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Disney Moves Into The Subscription Business

Photo of Tim Mulligan
by Tim Mulligan

Disney’s announcement that it will launch a new subscription service for the UK market is a significant moment in the media industry. The new subscription service, which will be called Disney Life, will feature content from the entertainment company’s films, books and television in a single app. The service will be priced at £9.99 per month which makes it more expensive than rival services such as Amazon and Netflix, but cheaper than paying to access the content through the traditional Pay-TV methods.

The Changing Nature Of Content Audiences

In many ways this decision is reflection on the need to keep pace with Disney’s core demographic of younger viewers, the infamous cord-nevers who have never had a paid relationship with cable and satellite TV services and seem unwilling to evolve into doing so. Currently this is a relatively minor issue for Disney because the children’s programming focus of its content means that parents still end up paying for Disney content as part of bundled Pay-TV packages. However, today’s cord-nevers will become tomorrow’s parents and it is crucial for Disney to be able to have an effective engagement strategy in place to monetize them in future.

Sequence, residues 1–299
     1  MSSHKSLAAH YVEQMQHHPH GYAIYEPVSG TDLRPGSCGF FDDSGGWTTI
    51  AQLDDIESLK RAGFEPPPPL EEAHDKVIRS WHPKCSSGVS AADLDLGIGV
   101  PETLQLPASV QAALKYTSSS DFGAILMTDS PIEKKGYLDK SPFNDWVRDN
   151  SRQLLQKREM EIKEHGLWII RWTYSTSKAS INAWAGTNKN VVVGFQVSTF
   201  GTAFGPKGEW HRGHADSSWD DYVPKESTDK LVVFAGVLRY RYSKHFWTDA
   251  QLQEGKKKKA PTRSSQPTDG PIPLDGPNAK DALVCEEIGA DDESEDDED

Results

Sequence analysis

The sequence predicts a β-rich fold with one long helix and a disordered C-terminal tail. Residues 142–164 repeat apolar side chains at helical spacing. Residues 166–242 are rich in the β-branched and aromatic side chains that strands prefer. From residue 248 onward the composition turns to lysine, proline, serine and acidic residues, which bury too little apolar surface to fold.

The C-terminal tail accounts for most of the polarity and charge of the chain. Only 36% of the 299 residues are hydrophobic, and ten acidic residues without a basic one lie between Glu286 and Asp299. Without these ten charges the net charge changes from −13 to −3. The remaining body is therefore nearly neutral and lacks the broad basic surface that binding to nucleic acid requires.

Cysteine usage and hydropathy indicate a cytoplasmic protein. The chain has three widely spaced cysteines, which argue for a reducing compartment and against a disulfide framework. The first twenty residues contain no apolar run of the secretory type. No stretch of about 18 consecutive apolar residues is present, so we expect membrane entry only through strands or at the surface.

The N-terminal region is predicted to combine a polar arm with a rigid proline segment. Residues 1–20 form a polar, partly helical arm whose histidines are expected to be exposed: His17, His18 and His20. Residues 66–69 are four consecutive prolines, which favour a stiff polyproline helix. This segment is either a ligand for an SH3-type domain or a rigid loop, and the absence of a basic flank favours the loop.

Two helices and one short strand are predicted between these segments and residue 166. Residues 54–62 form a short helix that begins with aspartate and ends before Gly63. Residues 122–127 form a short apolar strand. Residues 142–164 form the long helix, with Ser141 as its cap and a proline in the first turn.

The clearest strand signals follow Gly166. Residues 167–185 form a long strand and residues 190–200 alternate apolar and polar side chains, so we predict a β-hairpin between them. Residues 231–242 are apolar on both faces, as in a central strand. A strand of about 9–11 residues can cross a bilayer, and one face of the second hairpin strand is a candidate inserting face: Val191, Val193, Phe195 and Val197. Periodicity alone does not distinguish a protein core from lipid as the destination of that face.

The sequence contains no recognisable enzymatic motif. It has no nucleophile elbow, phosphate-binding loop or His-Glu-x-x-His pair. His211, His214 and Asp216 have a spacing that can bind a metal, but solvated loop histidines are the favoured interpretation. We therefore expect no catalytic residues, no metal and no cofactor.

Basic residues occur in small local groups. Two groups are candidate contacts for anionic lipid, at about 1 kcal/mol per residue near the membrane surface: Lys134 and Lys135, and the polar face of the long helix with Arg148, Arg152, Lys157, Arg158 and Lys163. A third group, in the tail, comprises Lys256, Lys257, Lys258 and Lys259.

The Need To Connect Directly With The Viewer

Disney Life is also a clear refection on the growing trend by content providers to find ways of bypassing operators and directly engaging with their audiences. Traditionally content producers had no direct relationship with the consumers of their products and instead dealt only with the Pay-TV companies which bundled their content into tailored offerings for the TV end user. Audiences are fragmenting due to technological developments such as the growth in viewing online video through devices and the slow erosion of customers prepared to pay Pay-TV prices for content that is only of partial interest to them. Content companies are looking at ways to take ownership of their audiences through direct to consumer offerings such as the Disney Life app. However, as this is new and unknown territory for what have been traditionally business to business facing companies, the going is uneven and fraught with rights issues. Hence Disney’s decision not to include Star Wars and Marvel content in the launch offering for Disney Life. As 2015 draws to a close content offerings are set to become even more diverse and fragmented as media companies reposition themselves towards closer alignment with prevailing consumer trends. The resulting landscape will mean that video content consumers of the future will have to go to multiple services to access what they were previously frequently able to get in one package.

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